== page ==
Hatfield founded In Music We Trust in 2014, after the death by suicide of Robin Williams caused him to draw parallels between his own outwardly happy life and the gnawing sadness he was feeling inside. 

When it launched, Hatfield used the brand as a cry for help; a way of alerting the people in his life to what he was going through: “I’m now very open about the fact that I suffer with depression," Hatfield tells Louder. “But I when I started the brand I didn’t even know that I did, because I was too afraid to even go and get a diagnosis.”

The first time Hatfield spoke about IMWT to a local reporter – during an interview about the band he was part of at the time – he was asked if he suffered with depression. “I answered without really knowing, but I said ‘Yes, I guess I do’” says Hatfield. “That happened to be an interview for the BBC, so that reporter told everyone! That was my way of telling the world that I thought there was something up with me.” 

Cause and effect?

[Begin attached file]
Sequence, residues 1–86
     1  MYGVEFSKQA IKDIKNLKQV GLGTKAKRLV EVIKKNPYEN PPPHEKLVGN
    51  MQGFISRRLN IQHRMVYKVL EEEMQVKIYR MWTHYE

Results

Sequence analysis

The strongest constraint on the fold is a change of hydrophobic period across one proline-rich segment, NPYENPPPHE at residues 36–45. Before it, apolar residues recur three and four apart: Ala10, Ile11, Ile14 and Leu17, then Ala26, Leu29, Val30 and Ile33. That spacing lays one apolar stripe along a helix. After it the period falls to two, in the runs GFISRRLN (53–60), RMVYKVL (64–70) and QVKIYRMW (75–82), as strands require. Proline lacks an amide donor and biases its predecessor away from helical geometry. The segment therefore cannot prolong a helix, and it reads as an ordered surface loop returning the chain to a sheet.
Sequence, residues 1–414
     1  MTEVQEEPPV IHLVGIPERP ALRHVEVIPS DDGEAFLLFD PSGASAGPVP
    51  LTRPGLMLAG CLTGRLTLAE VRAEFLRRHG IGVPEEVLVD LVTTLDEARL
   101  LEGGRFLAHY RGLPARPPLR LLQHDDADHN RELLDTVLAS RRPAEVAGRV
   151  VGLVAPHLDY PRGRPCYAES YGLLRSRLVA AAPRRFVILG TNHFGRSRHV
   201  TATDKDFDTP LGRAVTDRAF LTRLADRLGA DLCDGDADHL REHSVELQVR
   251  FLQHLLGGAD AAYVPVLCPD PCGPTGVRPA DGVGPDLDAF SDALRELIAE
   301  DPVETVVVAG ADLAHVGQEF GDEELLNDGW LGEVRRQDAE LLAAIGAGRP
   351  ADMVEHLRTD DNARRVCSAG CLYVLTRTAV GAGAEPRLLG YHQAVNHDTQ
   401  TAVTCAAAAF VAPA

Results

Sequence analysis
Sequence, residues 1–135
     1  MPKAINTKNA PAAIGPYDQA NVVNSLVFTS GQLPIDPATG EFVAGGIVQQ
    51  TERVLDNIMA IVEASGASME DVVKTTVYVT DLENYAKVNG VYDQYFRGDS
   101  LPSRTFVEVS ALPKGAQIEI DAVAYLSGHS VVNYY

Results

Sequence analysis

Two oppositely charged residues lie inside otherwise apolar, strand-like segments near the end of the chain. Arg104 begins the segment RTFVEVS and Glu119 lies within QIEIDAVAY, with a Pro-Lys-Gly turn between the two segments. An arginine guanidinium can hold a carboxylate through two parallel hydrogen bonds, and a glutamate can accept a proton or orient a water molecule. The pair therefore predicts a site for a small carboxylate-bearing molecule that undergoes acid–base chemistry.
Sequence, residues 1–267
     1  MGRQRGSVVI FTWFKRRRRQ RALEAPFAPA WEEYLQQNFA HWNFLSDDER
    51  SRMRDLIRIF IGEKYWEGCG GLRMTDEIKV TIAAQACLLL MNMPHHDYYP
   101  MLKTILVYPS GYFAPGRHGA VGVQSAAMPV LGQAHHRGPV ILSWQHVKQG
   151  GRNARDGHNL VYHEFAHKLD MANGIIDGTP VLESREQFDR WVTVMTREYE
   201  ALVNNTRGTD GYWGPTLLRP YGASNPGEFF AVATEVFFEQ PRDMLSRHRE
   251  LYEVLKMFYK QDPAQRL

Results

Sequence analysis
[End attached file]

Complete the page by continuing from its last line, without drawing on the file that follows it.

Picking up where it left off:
It was a further two years after starting the brand that Hatfield was himself diagnosed with depression. He’d been playing guitar and writing songs since the age of thirteen – well over a decade before he’d started IMWT. 

Before setting up the brand, music was Hatfield’s only outlet for the illness he was battling. He suggests this could be one reason why music and mental health issues can appear linked. “Because musicians, especially songwriters, have the outlet through which they can pour their soul, a lot of what they feel can go into their music,” he explains. “So it might not be that depression affects them more, but the fact that music is in their life makes it seem that way, because they can get these words out in song form. Other people might have another outlet, let’s say painting, but because music has words it’s more literal and more obvious when someone is going through dark times. That could be one reason why we view musicians as being more prone to depression.”